Succeeding in Graduate School: The Career Guide for Psychology Students

By Steven Walfish; Allen K. Hess | Go to book overview

to be supportive and non-critical individuals” (Carifio & Hess, 1987, p. 244). The fortunate student will have a supervisor who acts as if he or she lives by John Masefield's credo: “Once in a century a person may be ruined or made insufferable by praise. But surely once in a minute something generous dies for want of it.”


After All, Why Do We Want to be Clinical Psychologists?

There is an adage that when one becomes a teacher, one learns from students. The psychotherapy relationship is special in that it allows for “bridging” connections. Although “bonding” connections sustain us (bonding relationships are those with others who are like ourselves and with whom we interact either voluntarily or within an existing familial bond), the bridging relationships help us grow as human beings in special relationships that allow for intimacy between people who would otherwise never know each other. Thus psychotherapy offers the opportunity to interact with the profoundly mentally disordered, the retarded, those addicted to drugs, those who rent out their bodies for sexual favors, or those who appear to have all the privileges of life but experience internally driven despair. When we enter into the psychotherapeutic experience with them, we can begin to see beyond the diagnostic label or the face of the person and understand their character. The unfolding of a person's essence in a relationship, particularly one as focused as psychotherapy, is an awesome experience. The therapist can see the person's life as they experience it, beyond their physical, fiscal, and other objective features. Antonio, in Shakespeare's Twelfth Night realizes the transparency of facade and the importance of depth of character:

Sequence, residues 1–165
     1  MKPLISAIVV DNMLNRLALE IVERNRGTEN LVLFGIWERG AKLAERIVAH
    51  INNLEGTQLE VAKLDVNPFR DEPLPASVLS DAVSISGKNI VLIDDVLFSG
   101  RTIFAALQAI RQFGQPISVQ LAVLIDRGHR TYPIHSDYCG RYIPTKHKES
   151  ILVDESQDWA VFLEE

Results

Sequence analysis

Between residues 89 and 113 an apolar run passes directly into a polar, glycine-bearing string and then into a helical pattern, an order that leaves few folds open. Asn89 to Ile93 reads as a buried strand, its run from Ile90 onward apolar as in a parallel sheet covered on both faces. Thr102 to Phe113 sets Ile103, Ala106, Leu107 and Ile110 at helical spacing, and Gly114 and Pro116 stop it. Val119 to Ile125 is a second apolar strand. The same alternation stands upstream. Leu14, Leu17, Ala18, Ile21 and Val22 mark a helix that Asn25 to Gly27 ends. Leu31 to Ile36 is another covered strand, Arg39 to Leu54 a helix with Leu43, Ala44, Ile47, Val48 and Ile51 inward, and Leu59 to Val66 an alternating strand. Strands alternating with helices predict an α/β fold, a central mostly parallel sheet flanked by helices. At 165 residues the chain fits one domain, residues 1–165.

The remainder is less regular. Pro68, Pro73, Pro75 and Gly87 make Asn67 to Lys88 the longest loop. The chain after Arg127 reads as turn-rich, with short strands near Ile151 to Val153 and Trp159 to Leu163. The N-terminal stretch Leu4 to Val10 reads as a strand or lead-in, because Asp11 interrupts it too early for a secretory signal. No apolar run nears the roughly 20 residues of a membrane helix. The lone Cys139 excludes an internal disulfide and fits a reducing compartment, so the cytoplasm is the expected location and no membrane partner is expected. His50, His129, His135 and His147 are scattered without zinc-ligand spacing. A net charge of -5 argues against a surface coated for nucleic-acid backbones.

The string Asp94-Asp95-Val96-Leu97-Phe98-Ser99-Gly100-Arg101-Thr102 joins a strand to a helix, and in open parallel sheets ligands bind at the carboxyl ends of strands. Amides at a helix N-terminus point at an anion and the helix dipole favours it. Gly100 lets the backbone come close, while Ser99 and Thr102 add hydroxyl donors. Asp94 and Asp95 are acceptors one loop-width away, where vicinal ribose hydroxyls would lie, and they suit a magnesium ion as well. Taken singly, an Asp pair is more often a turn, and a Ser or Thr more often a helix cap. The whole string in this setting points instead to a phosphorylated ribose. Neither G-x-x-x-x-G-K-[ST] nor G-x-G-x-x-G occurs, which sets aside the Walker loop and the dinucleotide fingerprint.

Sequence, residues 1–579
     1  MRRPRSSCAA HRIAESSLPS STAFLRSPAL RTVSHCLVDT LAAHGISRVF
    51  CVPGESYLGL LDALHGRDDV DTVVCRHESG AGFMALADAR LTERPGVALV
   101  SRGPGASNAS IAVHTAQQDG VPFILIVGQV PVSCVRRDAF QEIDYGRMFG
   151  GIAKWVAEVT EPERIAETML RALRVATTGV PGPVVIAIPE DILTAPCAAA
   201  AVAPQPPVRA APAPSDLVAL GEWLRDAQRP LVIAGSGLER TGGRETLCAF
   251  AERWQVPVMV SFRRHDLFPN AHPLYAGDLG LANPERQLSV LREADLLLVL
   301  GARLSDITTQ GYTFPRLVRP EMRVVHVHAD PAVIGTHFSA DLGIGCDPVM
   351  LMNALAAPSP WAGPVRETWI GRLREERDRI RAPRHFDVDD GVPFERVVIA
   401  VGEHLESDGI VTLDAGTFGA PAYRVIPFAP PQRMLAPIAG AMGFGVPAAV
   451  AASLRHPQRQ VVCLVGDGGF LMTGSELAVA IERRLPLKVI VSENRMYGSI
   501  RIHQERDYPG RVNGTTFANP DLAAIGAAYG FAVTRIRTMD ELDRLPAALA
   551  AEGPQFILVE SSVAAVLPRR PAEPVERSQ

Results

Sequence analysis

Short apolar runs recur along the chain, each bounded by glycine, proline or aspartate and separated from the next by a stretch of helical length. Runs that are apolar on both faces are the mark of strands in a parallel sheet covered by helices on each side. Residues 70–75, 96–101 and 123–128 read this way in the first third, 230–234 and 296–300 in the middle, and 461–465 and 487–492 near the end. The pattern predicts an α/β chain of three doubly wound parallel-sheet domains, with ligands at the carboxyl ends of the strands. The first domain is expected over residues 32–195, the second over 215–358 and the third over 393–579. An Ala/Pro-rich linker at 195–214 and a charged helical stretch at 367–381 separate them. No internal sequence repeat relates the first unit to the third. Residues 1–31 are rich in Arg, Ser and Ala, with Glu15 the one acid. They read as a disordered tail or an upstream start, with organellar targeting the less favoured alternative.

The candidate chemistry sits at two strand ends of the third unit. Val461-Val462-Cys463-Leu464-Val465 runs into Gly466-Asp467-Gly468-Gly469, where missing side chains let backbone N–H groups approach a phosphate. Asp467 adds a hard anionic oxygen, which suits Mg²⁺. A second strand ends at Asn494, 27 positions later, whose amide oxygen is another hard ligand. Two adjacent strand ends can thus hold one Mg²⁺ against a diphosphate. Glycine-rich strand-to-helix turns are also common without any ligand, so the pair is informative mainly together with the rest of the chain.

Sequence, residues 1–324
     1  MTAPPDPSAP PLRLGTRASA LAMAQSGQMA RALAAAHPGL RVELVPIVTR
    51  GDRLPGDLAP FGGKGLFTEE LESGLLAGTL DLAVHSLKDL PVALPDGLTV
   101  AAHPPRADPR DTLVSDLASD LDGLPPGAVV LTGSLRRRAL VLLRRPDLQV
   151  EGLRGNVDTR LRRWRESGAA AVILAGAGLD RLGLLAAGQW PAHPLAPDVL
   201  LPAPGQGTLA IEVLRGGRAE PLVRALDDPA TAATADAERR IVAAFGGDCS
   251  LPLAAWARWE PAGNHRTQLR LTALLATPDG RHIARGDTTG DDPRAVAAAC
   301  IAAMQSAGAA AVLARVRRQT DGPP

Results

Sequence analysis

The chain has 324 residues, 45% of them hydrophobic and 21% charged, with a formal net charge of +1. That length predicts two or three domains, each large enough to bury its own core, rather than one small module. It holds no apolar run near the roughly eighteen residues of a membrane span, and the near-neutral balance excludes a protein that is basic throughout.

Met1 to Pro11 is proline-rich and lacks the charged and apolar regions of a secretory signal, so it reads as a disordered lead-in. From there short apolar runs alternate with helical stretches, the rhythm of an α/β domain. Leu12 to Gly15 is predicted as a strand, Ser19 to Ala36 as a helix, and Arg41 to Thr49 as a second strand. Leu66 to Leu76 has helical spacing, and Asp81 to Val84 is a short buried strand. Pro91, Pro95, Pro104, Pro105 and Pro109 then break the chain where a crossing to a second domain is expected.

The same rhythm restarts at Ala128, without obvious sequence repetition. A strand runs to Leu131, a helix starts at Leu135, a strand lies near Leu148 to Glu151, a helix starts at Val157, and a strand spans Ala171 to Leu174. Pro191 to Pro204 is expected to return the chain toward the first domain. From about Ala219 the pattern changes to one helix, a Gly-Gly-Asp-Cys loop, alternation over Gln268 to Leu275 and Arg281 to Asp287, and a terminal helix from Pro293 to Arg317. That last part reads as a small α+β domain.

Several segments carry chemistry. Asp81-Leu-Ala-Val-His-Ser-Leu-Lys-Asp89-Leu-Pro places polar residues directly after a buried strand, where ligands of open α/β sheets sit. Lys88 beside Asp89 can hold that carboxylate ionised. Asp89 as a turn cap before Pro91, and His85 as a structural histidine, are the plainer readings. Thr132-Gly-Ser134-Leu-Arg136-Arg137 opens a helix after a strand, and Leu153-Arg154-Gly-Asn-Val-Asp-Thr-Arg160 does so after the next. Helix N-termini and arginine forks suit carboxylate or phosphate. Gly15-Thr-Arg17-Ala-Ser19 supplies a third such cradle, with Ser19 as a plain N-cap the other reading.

Antonio: But O how vile an idol proves this god! Thou hast, Sebastian, done good feature shame. In nature there's no blemish but the mind; None can be call'd deform'd but the unkind: Virtue is beauty but the beauteous-evil Are empty trunks o'erflourish'd by the devil. (Act III, Scene IV)

Bridging connections to the essence of the other allow us to connect across differences and find the truth in Sullivan's one-genus postulate: “We are all so much more human than otherwise.”


ACKNOWLEDGMENT

I am grateful to Jon Jensen for comments on an earlier version of this chapter, and to Kathryn D. Hess and Tanya H. Hess for comments on this version.


REFERENCES

Aldrich, L. G. (1982). Construction of mixed standard scales for the rating of psychotherapy supervisors. Thesis, Auburn University, Auburn, AL.

American Psychological Association. (1992). Ethical principles of psychologists and code of conduct. American Psychologist, 47, 1597–1611.

Aronson, S. (2000). Analytic supervision: All work and no play? Contemporary Psychoanalysis, 36, 121–132.

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